TITLE

Background Note: North Korea

PUB. DATE
April 2007
SOURCE
Background Notes on Countries of the World: North Korea;Apr2007, p1
SOURCE TYPE
Country Report
DOC. TYPE
Country Report
ABSTRACT
The article provides information on the Democratic People's Republic of Korea or North Korea. It is stated that the traditional religion of the country are Buddhism and Shamanism. North Korea is a highly centralized communist state under the control of Korean Worker's Party. The country is said to establish balanced relations with countries including China, Soviet Union and the U.S. The article also provides the policies of the U.S. toward North Korea.
ACCESSION #
24839594

 

Related Articles

  • Time to Stop Dancing the North Korean Tango. Sinnreich, Richard Hart // Army Magazine;Sep2010, Vol. 60 Issue 9, p17 

    The article assesses U.S.-China relations within the framework of renewed hostilities in the Korean Peninsula, which are precipitated by military provocations of the North Korean regime. China has embarked on a foreign policy leadership in the Peninsula based on historical ties dating back to...

  • Koreas exchange gunfire. Investor's Business Daily // Investors Business Daily;10/13/2014, pA02 

    N. Korea fired machine guns toward S. Korea after activists released anti-Pyongyang propaganda balloons across the border. S. Korea returned fire. No injuries or casualties were reported. Early last week, warships from the rival Koreas exchanged warning shots. Meantime, N. Korean dictator Kim...

  • PROFILE.  // Background Notes on Countries of the World: North Korea;9/29/2010, p2 

    This article presents information on North Korea. Its official name is the Democratic People's Republic of Korea and its climate is either long, cold, dry winters or short, hot, humid summers. The estimated population of North Korea in 2008 was 23.5 million. This entry also includes information...

  • Korea's Two North-South Summits and the Future of Northeast Asia: Back to the Future. Cumings, Bruce // Asia-Pacific Journal: Japan Focus;9/8/2008, Issue 36, p3 

    The author examines the outcome of a summit between the North and South Korea, and the influence of the U.S. on the relationship. He mentions that the passing years have demonstrated that when Korean leaders want something badly enough, and remain firm to their policies and principles, they can...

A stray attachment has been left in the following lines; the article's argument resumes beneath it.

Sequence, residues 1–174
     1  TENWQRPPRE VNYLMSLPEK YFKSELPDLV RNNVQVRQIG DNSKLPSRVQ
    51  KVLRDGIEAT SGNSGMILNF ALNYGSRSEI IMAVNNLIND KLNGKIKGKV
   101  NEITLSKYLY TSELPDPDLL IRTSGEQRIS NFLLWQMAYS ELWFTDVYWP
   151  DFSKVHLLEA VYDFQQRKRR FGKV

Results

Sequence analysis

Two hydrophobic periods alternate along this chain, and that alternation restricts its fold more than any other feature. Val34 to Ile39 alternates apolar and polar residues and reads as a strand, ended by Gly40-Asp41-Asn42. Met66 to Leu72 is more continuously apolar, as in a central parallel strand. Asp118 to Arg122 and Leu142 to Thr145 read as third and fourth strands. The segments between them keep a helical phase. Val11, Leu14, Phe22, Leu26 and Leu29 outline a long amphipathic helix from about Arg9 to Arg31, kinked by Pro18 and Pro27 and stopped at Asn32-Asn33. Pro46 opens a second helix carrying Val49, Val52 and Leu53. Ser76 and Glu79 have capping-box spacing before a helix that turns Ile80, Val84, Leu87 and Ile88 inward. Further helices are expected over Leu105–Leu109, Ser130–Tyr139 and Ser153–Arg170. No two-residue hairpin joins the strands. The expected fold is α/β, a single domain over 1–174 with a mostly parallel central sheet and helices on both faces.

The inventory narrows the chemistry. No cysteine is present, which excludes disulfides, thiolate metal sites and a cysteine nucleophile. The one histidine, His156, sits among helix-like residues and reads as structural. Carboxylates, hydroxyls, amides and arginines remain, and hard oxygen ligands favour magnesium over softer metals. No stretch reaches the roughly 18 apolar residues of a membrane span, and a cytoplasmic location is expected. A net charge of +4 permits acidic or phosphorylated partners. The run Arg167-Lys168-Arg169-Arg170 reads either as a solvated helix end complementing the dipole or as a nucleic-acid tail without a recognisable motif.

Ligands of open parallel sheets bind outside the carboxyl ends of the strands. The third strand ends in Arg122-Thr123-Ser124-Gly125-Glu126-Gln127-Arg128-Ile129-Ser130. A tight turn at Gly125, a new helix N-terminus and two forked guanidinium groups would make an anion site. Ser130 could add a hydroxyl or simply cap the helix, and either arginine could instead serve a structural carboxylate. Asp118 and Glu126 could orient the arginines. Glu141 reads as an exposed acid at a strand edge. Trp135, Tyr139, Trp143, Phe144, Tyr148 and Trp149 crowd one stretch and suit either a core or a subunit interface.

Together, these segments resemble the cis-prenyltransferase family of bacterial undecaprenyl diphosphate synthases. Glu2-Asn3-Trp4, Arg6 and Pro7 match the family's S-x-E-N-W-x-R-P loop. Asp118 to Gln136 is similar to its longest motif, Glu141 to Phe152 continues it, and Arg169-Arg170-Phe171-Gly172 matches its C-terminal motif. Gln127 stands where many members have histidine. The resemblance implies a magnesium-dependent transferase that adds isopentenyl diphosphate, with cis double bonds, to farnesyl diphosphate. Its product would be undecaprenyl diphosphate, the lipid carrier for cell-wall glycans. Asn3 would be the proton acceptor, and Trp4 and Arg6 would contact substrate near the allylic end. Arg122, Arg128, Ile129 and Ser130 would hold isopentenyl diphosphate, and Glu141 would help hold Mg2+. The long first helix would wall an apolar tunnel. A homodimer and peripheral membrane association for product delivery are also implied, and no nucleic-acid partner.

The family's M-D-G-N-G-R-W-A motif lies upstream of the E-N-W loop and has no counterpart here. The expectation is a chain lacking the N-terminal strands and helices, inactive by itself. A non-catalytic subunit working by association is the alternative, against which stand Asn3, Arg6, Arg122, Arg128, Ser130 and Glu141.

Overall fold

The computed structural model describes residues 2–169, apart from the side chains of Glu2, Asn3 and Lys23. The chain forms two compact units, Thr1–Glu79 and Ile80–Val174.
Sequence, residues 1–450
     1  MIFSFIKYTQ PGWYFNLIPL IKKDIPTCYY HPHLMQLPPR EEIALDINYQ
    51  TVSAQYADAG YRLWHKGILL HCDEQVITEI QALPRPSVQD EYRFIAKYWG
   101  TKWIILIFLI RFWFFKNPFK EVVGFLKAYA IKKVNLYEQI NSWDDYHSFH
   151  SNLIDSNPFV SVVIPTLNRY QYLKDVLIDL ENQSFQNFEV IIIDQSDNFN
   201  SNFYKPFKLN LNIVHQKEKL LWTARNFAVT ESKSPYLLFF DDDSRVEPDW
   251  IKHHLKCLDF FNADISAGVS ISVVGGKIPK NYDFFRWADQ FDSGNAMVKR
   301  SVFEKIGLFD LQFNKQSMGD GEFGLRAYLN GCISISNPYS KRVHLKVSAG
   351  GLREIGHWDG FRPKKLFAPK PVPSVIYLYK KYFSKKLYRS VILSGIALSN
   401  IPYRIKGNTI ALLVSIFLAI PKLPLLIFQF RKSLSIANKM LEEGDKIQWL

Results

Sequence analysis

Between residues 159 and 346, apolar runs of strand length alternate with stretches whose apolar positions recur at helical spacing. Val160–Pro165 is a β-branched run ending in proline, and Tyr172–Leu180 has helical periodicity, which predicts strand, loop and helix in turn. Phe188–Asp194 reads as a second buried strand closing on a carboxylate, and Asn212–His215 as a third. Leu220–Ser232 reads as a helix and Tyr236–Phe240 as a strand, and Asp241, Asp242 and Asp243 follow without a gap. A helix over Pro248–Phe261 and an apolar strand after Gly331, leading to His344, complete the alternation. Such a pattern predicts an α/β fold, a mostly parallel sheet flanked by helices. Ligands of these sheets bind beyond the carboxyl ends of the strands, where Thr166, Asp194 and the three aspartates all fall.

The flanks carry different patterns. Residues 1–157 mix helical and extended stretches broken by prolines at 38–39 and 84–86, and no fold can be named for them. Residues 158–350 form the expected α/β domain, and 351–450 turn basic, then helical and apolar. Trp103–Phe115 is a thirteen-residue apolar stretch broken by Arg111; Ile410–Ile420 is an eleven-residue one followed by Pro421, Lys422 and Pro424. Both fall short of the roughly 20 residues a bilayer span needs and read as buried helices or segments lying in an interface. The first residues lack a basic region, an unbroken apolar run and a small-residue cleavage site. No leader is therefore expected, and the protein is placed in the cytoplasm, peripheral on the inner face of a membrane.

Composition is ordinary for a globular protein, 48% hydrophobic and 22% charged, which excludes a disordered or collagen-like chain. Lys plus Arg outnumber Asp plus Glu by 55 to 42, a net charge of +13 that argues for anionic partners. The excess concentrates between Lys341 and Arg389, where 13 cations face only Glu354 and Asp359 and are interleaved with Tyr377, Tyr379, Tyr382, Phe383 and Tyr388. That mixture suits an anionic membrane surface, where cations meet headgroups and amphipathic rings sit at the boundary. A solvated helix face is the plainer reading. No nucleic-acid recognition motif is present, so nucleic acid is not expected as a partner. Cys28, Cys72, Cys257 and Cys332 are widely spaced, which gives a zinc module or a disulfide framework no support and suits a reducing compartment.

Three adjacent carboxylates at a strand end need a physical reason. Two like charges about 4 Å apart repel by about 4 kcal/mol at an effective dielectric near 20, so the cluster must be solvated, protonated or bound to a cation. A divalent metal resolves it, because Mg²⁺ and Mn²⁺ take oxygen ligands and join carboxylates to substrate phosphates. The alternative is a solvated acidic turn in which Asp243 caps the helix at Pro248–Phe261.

• North Korea And A New US President.  // Asia Monitor: China & North East Asia Monitor;Mar2004, Vol. 11 Issue 3, p12 

    North Korea will reap a diplomatic dividend if a Democrat takes the White House in U.S. presidential elections scheduled for November 2004. The Democratic frontrunner, John Kerry, opposed to the Vietnam war, has criticised the current Republican president's motives in pressing for war in Iraq...

  • North Korea's Pivot. Feffer, John // Foreign Policy in Focus;3/ 1/2012, p1 

    A reprint of the article "North Korea's Pivot," by John Feffer, which appeared in "Inter Press Service," is presented. It cites several actions taken by North Korea to achieve its goal of being an economically prosperous and military strong country. It suggests that North Korea is trying to...

  • Voice of a Superpower. Kull, Steven // Foreign Policy;May/Jun2004, Issue 142, p38 

    Reports on the views of U.S. citizens about Iraq, terrorism, North Korea and free trade. Rating of U.S. President George W. Bush on the way he is handling the war on terrorism and the Al Qaeda terrorist group; Concerns on the nuclear program of North Korea; Countries considered as the best...

  • BACK TO THE TABLE. Jakes, Susan; Macintyre, Donald // Time International (South Pacific Edition);8/8/2005, Issue 31, p11 

    The article focuses on developments related to the August 2005 negotiations between the U.S. and North Korea over North Korea's nuclear-weapons program. U.S. Assistant Secretary of State Christopher Hill warned reporters not to expect the conflict to be resolved soon. North Korea, which has...

  • Hardliners Target Détente with North Korea. Kim, Suzy; Feffer, John // Asia-Pacific Journal: Japan Focus;3/17/2008, Issue 11, p1 

    The author reflects on the hostilities in the North Korea-U.S. relations. In 2008, the U.S. President George W. Bush administration decided to reverse its foreign policy concerning North Korea. Executives were shocked when the administration decided to exhume the engagement policies of the...

Share

Read the Article

Courtesy of THE LIBRARY OF VIRGINIA

Sorry, but this item is not currently available from your library.

Try another library?
Sign out of this library

Other Topics